End of the Spanish Empire

Toward the end of the Columbia’s winter stay the Americans had witnessed the incidents that produced the “Nootka Sound Controversy.” Vancouver Island, which was not yet so named, was Spanish and all ships that touched there did so by favor of His Catholic Majesty. (This was quite clear and the East India Company acted in accordance with it, sending its first ventures there under the flag of Portgual, which had treaty privileges.) In 1788 Meares built some earthworks and a shack on a site which he claimed to have bought from the local chief for two pistols, and announced that he was setting up in business. In the spring of 1789 the Spanish commandant seized the shack, searched, seized, and released several British ships, and ended by again seizing several – one of which belonged to Meares – and keeping them.

Since the great value of the Northwest trade was now understood, the British government demanded restitution, reparation, and recognition of the right to trade. Spain answered with a demand that her sovereignty be acknowledged. It was an explosive situation in a jittery world and would have led to war – but the beginning of the French Revolution had cut off the possibility of French help and Spain had no choice but to accede to the British demands. . . .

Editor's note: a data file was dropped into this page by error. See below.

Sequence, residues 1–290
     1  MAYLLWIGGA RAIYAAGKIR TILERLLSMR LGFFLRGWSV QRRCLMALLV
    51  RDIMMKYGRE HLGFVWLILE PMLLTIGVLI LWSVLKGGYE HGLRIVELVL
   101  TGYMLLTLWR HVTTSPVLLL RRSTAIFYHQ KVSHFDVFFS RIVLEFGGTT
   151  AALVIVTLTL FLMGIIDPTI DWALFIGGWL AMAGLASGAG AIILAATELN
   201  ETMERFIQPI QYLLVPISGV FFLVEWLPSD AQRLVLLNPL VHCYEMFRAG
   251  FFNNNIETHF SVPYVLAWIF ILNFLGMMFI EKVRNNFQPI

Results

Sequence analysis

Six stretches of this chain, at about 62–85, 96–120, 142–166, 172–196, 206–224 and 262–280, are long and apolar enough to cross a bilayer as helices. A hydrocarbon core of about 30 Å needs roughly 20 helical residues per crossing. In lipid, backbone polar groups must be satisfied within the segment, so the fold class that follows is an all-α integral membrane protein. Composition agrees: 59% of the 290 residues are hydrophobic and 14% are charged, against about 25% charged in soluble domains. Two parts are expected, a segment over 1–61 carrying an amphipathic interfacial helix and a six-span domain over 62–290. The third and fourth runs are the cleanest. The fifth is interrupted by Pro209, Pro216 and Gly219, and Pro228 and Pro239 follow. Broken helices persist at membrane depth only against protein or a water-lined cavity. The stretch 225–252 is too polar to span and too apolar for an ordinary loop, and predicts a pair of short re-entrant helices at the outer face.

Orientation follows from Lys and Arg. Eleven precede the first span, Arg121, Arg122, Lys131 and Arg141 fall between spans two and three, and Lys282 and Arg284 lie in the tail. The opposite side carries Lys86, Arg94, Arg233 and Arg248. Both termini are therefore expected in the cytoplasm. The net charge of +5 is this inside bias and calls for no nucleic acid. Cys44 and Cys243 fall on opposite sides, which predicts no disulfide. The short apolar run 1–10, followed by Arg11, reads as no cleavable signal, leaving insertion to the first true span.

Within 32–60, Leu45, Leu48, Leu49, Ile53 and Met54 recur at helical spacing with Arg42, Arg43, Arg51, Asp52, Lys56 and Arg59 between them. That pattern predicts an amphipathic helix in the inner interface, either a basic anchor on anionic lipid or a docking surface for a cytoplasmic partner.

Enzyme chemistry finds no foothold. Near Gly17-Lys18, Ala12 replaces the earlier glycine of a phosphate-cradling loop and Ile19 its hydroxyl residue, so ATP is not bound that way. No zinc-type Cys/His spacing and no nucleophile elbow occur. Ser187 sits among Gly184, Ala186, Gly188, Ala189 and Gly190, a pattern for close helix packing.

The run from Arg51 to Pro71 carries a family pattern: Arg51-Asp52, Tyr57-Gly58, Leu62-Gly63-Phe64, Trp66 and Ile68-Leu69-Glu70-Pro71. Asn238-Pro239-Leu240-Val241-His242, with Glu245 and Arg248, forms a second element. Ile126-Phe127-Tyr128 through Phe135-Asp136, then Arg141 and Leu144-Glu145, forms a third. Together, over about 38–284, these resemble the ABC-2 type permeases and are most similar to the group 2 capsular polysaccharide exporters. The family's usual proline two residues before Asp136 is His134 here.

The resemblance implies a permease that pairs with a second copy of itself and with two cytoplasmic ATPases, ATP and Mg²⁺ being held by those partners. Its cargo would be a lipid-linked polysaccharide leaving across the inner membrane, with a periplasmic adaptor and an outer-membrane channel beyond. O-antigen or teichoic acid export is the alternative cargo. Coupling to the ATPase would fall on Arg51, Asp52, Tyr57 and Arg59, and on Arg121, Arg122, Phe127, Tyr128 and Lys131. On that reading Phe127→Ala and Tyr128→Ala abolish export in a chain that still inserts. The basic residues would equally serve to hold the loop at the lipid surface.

Thus Spain abandoned her claim to exclusive sovereignty over Nootka Sound. In effect she relinquished the rights she had asserted ever since Pope Alexander VI drew his demarcation line in 1493, and the breakup of the Spanish Empire had begun. The Spanish concession had the utmost importance for the United States. California remained entirely Spanish but how far north did California extend? The Republic began to engross the Northwest trade and, as the wars of the French Revolution developed, went on to appropriate a steadily increasing part of the world’s carrying business. Though it was so weak a political and military power that the crises of the I790’s seemed likely to break it up, it was becoming a great maritime nation. The biggest business it was engaged in was the triangular trade with China. This was based on the Northwest coast, and the Northwest coast was the width of the continent away from the seaboard cities. From now on no American statesman and no continental thinker could forget for a moment that Spanish Louisiana lay between the western boundary of the United States and Captain Gray’s river.